Sadiq Khan in Tooting: On London, Labour, Brexit and Tory metro mayors

Charles Holden’s glorious, Grade II-listed Tooting Broadway station opened out on to a blazing flower stall. Then it was a fast walk down a buzzing Mitcham Road, past its salons and secondhand shops, take-outs, chains and the fine, foursquare Tooting Library to where the Labour crowd waited to greet their stars.

Soon, the pair of them approached: Rosena Allin-Khan, hoping to hold the Tooting seat she won in a by-election less than a year ago; and Sadiq Khan, whose elevation to London Mayor brought that by-election about. Allin-Khan held Tooting for her party with a bit to spare – 6,357 votes. But by-elections can deceive. Tooting has been a Tory target for a while. They missed it in 2010, but came closer than some expected two years ago.

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Allin-Khan can feel their blue breath on her neck. Armoured with a bright red coat, she climbed on to a Labour soapbox, looked the faithful in the eye and said: “As we stand here now, there are opposition campaigners all over Tooting. They want to stand up on 9 June, point at Tooting and say: ‘We have turned this Tory’. This seat really is on a knife edge. It really, really is. Every single day, every single hour is going to count.”

She gave way to her near namesake. Khan isn’t very tall. “Stand up, Sadiq!” someone yelled, a quip he seemed to enjoy. He told a story from his Wembley photo-op with Anthony Joshua, heavyweight boxing champion of the world after stopping Wladimir Klitschko: “Someone said to me, ‘the last time I saw someone knocked out like that was this time last year…Zac Goldsmith”.

Goldsmith is very tall. It didn’t do him much good. As passing cars honked their horns, Khan spoke of Labour values. “We are the keepers of our brothers and sisters,” he said. “We don’t walk by on the other side of the road.” Biblical references, these will puzzle only the more crackpot critics of the Muslim mayor. “We believe those with the broadest shoulders should cary the greatest burden,” continued Khan. “We believe we should look after the many, not the few.”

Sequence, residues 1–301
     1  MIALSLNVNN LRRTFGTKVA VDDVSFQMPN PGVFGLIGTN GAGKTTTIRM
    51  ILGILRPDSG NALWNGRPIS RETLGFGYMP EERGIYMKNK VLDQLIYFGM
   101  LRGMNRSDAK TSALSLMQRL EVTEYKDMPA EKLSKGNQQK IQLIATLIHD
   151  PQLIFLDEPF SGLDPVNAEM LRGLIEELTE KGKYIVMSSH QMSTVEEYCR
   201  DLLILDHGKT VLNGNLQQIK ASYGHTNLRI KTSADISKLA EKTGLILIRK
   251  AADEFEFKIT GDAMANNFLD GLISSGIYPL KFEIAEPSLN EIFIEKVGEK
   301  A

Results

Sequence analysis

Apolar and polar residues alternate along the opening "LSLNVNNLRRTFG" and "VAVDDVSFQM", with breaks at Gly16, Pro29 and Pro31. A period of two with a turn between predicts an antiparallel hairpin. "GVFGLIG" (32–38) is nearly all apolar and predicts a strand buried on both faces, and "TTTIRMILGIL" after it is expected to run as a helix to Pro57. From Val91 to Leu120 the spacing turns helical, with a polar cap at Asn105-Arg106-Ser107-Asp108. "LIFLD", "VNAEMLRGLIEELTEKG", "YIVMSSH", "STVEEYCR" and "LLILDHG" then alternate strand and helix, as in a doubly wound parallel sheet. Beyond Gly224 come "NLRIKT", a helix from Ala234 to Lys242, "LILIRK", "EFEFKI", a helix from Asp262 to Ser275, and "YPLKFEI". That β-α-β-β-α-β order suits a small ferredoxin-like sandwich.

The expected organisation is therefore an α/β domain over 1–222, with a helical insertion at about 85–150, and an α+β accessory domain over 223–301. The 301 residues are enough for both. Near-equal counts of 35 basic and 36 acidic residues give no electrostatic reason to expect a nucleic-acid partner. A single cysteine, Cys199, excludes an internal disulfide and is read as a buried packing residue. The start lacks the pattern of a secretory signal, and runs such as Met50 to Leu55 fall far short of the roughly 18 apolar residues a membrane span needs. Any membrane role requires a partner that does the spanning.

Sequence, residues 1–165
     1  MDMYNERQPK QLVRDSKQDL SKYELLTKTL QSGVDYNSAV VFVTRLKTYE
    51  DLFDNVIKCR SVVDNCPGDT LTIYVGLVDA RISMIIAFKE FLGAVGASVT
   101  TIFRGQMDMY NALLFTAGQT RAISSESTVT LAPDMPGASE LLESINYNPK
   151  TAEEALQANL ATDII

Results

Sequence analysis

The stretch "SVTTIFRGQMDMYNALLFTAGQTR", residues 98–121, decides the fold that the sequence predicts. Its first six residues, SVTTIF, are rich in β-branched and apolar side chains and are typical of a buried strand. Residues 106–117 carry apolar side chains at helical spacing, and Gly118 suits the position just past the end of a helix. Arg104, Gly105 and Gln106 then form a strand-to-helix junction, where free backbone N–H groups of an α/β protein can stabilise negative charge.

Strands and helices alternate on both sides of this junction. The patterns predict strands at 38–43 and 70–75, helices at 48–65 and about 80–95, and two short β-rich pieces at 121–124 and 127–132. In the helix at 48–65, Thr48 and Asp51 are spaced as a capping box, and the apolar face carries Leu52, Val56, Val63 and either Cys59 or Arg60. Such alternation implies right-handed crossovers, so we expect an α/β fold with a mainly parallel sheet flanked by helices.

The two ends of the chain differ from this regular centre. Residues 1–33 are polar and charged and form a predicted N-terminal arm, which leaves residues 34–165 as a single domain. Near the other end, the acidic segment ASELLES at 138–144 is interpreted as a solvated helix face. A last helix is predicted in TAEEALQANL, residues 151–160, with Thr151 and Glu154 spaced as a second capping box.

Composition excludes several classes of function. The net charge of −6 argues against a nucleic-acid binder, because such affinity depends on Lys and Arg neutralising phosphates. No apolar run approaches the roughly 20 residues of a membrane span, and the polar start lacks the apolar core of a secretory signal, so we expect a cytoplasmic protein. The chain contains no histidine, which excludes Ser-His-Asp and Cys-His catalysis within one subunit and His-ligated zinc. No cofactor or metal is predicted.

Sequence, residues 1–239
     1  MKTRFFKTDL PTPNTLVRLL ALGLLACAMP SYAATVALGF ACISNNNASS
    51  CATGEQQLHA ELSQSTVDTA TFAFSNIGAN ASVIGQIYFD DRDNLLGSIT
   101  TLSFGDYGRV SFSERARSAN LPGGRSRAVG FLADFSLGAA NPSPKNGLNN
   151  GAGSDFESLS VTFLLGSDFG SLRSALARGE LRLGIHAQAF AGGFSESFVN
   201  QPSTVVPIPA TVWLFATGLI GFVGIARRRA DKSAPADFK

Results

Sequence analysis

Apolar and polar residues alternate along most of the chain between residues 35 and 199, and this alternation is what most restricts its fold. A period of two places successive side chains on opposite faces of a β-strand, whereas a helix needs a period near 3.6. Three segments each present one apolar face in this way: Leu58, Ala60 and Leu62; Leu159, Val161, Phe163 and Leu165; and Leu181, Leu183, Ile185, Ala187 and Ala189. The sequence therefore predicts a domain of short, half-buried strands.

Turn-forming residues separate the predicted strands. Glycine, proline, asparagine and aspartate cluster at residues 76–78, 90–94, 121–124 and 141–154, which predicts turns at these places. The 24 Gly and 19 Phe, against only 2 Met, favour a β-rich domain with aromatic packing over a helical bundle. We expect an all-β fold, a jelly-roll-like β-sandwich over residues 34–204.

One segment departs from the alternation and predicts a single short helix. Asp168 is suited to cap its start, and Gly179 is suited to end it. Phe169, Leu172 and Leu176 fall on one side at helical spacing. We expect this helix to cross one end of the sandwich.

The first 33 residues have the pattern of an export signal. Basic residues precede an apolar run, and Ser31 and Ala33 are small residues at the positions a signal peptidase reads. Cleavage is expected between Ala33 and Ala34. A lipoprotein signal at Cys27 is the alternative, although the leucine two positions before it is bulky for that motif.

This is a core Labour slogan, but Allin-Khan’s campaign, like those of many other Labour candidates, is fiercely local. Who will stand up for Tooting’s people if they don’t have a Labour MP, asked Khan. “We’ve got to go from mosque, to church to gurdwara. From factory, to office to bus garage. I’m not sure if any of you know this…”

Big laughs. Khan mentioned his bus driver father often – very often – during the mayoral campaign, you may recall. He also used to do stand-up turns at Labour conferences. Now, his other parent became part of his routine. “My mum said, ‘the best MP we’ve ever had is Rosena’.”

There was gravity too, though, about Thursday’s local election results. Jeremy Corbyn was not mentioned at all.

*****

Before leaving, Khan spared five minutes for some questions. I asked him first about two bright spots for his party on Thursday, the elections of Andy Burnham and Steve Rotheram as “metro mayors” of Greater Manchester and Liverpool City Region respectively. Would they be in competition? In co-operation? Both?